Orange skies over Point Reyes Station, California, on Sept. 9, 2020. Photo by Ellie Barber.

Got my flashlight, it’s 10 a.m.

The sun is somewhere hiding

Never seen it so dark before

Only in stories and folklore

Walking on fire, where to go?

Performing under the moniker “Ollella”, Ellie Barber is equal parts artist, activist and educator. She began playing cello at the age of nine and, according to family, she sang before she talked. While studying music at the University of Puget Sound, Barber discovered a passion for environmental science that eventually brought her to the Aspen Center for Environmental Studies.

While living in the Roaring Fork Valley, Barber teamed up with Natalie Spears to form the folk-duo Pearl and Wood. It was a life chapter she describes as living her most authentic self. She was hired by the Aspen Global Change Institute in 2018 and later became their creative director, professionally helping to communicate climate change science data to the public. 

“I was struck by the fact that we need to communicate through art to influence people’s minds and hearts,” she told The Sopris Sun. “We have to speak to their hearts.”

Fast forward to 2020, Barber was living in California throughout the pandemic’s early stages. One morning in the Bay Area, a combination of thick wildfire smoke and coastal fog created a surreal effect, limiting the sun’s light so substantially that the sky adopted an eerie orange glow. She called it “the most apocalyptic thing I’ve ever experienced.”

As the signs of ecological degradation become increasingly apparent, Barber continues her work to communicate the complexities of our environmental reality.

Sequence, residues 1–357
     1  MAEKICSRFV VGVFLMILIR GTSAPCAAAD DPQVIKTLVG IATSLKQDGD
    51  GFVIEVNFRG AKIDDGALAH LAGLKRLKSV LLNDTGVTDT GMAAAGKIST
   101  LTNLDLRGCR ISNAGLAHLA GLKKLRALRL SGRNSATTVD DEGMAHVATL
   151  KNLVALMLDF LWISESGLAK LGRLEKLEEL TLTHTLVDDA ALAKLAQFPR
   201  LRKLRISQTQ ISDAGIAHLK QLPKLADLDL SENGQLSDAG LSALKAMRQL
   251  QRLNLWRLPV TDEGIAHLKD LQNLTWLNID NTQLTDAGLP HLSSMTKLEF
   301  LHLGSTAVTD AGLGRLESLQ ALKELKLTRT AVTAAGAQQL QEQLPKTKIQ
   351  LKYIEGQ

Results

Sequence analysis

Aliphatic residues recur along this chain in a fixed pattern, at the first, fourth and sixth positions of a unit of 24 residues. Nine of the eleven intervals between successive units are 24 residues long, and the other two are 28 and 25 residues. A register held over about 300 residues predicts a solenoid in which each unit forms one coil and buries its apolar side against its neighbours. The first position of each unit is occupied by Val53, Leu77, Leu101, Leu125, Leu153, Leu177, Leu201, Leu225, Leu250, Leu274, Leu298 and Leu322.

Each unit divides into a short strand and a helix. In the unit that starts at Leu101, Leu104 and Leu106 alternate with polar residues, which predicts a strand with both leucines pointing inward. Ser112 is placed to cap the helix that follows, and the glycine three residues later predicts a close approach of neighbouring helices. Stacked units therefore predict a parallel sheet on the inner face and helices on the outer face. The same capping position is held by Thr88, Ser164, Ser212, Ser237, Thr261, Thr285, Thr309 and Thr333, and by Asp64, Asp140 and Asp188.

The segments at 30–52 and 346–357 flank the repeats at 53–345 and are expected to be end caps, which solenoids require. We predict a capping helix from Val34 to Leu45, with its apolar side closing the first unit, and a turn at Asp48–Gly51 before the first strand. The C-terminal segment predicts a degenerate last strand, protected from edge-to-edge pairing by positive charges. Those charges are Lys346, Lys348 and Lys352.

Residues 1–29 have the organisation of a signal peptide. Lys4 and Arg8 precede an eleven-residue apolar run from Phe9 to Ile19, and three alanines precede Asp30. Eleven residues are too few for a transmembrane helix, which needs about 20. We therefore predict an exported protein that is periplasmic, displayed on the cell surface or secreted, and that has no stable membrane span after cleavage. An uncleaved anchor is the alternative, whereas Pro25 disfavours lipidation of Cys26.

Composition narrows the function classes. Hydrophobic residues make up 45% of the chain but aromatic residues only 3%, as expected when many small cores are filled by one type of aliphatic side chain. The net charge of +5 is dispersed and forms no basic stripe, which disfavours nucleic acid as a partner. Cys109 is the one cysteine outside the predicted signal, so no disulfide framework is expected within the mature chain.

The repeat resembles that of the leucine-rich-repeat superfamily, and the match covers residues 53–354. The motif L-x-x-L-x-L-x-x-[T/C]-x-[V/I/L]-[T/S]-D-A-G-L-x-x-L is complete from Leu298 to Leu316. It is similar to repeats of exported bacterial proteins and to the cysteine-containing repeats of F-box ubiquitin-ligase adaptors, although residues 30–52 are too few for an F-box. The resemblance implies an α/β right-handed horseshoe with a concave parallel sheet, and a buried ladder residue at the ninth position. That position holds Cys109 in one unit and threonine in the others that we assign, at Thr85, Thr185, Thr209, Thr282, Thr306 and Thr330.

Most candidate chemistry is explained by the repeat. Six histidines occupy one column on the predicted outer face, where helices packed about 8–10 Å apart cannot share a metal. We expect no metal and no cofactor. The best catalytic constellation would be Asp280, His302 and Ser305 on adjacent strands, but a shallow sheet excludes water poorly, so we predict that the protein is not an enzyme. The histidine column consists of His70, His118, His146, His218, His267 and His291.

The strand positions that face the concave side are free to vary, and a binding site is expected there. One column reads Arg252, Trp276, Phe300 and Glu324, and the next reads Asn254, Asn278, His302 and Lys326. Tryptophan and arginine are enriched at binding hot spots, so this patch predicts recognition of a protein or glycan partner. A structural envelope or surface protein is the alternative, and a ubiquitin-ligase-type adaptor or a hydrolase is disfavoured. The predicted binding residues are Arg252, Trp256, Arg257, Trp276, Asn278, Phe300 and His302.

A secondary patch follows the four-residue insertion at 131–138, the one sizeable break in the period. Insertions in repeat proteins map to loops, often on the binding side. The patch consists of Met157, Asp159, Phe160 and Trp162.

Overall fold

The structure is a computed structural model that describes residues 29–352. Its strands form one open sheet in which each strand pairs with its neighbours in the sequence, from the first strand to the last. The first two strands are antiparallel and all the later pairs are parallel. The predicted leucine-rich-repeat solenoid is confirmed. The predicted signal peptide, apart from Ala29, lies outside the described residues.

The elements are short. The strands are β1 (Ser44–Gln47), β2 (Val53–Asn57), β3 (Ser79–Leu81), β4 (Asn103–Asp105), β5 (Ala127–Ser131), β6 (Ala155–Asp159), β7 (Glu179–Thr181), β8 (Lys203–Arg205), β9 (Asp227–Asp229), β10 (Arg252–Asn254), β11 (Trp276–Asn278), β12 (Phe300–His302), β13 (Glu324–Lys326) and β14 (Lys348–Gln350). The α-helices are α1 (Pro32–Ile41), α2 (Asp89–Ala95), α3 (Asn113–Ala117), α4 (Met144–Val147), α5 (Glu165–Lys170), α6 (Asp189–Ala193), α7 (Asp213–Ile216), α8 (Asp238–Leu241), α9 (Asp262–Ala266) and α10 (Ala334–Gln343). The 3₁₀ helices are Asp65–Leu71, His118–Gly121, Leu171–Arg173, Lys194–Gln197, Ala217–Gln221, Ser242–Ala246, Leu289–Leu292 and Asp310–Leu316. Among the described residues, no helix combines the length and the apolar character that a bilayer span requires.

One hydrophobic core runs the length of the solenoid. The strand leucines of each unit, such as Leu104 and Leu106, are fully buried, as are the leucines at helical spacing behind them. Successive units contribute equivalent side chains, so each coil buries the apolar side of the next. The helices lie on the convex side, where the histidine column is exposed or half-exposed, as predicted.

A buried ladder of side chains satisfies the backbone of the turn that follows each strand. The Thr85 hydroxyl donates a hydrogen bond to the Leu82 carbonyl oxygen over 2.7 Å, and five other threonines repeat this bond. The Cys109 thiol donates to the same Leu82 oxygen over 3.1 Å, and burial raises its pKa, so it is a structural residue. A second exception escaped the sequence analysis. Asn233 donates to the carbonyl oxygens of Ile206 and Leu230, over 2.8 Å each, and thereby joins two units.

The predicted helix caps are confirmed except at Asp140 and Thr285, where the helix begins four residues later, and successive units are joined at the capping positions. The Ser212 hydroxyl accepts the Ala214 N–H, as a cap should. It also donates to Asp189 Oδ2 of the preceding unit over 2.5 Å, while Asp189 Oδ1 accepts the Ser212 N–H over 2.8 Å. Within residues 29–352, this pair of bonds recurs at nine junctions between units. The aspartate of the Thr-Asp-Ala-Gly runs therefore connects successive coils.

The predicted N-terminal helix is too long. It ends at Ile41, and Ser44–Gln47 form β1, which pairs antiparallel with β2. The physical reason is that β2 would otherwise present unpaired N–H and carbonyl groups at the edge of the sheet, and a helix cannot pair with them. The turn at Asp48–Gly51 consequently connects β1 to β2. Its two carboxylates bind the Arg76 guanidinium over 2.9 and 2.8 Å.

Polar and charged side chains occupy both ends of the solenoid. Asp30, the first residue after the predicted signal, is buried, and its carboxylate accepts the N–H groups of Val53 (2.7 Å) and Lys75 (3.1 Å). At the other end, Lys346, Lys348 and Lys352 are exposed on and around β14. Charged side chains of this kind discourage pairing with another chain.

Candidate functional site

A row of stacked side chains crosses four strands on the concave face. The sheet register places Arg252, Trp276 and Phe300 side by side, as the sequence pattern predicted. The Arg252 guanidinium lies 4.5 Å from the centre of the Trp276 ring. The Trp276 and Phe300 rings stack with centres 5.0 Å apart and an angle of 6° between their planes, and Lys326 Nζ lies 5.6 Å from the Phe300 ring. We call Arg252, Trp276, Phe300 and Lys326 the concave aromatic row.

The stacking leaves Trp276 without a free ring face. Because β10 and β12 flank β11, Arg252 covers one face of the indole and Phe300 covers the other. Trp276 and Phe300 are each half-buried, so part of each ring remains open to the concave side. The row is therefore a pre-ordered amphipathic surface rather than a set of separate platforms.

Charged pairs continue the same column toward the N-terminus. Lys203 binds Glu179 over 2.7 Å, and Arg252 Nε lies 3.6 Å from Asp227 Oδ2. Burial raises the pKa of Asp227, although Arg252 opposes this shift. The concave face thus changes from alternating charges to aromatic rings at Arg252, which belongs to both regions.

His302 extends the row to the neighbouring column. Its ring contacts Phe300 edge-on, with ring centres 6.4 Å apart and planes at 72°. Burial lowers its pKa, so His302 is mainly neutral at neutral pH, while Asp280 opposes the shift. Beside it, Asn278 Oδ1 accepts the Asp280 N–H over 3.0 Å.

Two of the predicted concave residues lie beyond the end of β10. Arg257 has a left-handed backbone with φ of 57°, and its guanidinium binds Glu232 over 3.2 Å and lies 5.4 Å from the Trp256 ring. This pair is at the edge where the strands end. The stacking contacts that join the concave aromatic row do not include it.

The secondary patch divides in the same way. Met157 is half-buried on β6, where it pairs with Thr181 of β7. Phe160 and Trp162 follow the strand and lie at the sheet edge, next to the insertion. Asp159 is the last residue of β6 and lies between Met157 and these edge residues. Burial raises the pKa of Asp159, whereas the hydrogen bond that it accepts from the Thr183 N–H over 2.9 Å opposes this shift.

“With natural disasters comes sadness, uncertainty, despair. We have to feel those emotions, otherwise they’ll come out another way. Art is a way to feel and grieve.”

Ollella’s new song, unlike any other in her repertoire, opens with backward looping chord progressions on cello, creating an unsettled mood before the dreamlike scene is described. The sound strives to convey the mood of waking up in an upside-down world. 

“I can always tell when a song is doing something when I tear up while writing it.” Performing the piece for intimate audiences, Barber received feedback that “Walking on Fire” elicits a relatable emotion. 

The repeated lyric, “where to go,” speaks specifically of being evacuated during a pandemic. It also asks a greater question facing countless people: Where to go when the effects of a changing climate are inescapable? “We’re so used to having so much freedom, [and as a country] identifying with independence and autonomy.”

The idea is not to provide an answer to that difficult question, but to release the feeling by giving it articulation. The power of music, said Barber, is “to bring light to complex things without answers and let them sit there — to let people feel those feelings.”

One year after that strange morning, the song will be released. It follows closely on the heels of the latest Intergovernmental Panel on Climate Change report. Notably, scientists warn that even if radical action is taken now to reverse the effects of climate change, the planet will continue warming for decades, even centuries, to come. 

“It feels so important to create art through climate change, because our world is this incredibly uncertain thing. There’s so much grieving we have to do,” said Barber. 

Now living in Seattle, she incubates her craft while performing where possible. Nowadays, that’s primarily in informal settings, with venues closing once again in response to the persisting threat of coronavirus. “There was this moment in the summer where we all came up for a breath of air,” she reflected. “Tough times for musicians.”

The best way to follow Barber’s work is by subscribing to Ollella’s newsletter, accessible at 

“Walking on Fire” will be available on all streaming platforms on Sept. 9. Tune in to KDNK on that same day to hear the song premiered, along with an extended interview, on Everything Under The Sun at 4 p.m.

“It feels so important to create art through climate change, because our world is this incredibly uncertain thing.” -Ellie Barber. Photo by Center Point Photography.